BRUSSELS – Turkey’s Foreign Ministry on Friday has strongly condemned Belgium’s parliament for including the Armenian genocide in an adopted resolution to hold an annual day of genocide commemoration on December 9. In resolution 923, the Belgian House of Representatives asks the Belgian government to “make 9 December the national day to commemorate the victims of the genocides officially recognized by the Belgian State, and to hold an official commemoration ceremony on the occasion thereof.”
What irritated the Turkish Foreign Ministry, and what made it publicly denounce the resolution, was not that Belgium should hold a special day for genocide commemoration but that the resolution specifically mentions the Armenian Genocide to be included in the commemoration. Resolution 923 notes that “Belgium has officially recognized the genocide of the Armenians, which, given the period in which it took place, could not have been done by an international criminal court” – the latter referring to the fact that the Armenian genocide has been officially recognized by countries but has not been recognized by an international criminal court.
The statement issued by the spokesperson of Turkey’s Ministry of Foreign Affairs says; “Furthermore, the reference to the events of 1915 in the decision of the House of Representatives of Belgium adopted on the same day regarding the declaration of 9 December as the day of commemoration of the victims of the genocides, is also contrary to the basic principles of law, first and foremost to the judgments of the ECtHR. We expect Belgium to act with reason and refrain from taking steps that would overshadow our bilateral relations.”
Resolution 923 was adopted on the same day as resolution 1597 which called for an immediate withdrawal of Azerbaijani troops from Artsakh (Nagorno-Karabakh) and condemned Azerbaijan’s military aggression with the help of Turkey. The resolution also condemns Turkey’s military involvement, and mentions the use of Turkish drones and Syrian mercenaries in the conflict.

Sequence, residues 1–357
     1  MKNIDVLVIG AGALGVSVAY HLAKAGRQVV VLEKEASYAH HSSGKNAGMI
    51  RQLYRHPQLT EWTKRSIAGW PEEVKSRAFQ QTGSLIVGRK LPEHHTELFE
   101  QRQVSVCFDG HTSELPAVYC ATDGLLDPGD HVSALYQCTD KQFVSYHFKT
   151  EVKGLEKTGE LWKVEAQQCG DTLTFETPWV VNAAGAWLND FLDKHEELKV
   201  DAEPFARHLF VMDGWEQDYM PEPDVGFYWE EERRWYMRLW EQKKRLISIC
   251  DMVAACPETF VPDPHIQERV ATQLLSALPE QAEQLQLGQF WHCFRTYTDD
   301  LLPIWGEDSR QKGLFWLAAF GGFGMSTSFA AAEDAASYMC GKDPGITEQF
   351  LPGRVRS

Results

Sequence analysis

Many countries, including Belgium, have officially recognized the tragic events of 1915 as genocide on Armenians, Pontic Greeks, and Syriacs (Arameans-Chaldeans-Assyrians). The genocide is well documented in the book ‘Thirty-Year Genocide: Turkey’s Destruction of Its Christian Minorities 1894-1924‘ by Israeli historians Benny Morris and Dror Ze’evi.
Syriacs call the genocide, perpetrated by Ottoman-Turks and Kurds, ‘Sayfo‘ (Year of the Sword) and “Kafno” (Hunger). Armenians commemorate the genocide on 24 April, Syriacs on 15 June, and Pontic Greeks on 19 May. In Belgium’s neighbor France, April 24 is a national day of remembrance of the Armenian Genocide.
Turkey denies that genocide has taken place. The official Turkish standpoint is that massacres were committed by both sides in a civil war (ignoring the fact that most genocides take place in (civil) wars), and that the Armenians sided with the enemies of the Ottoman-Turks. And that the high number of deaths was partly the result of famines. Since the establishment of the Turkish Republic in 1923, Turkey has always exerting great pressure on the international community not to use the word genocide.
Imagine if the Holocaust were described in these terms by a NATO member country in 2020 pic.twitter.com/QlqV4OLa9Q
— Lindsey Snell (@LindseySnell) December 19, 2020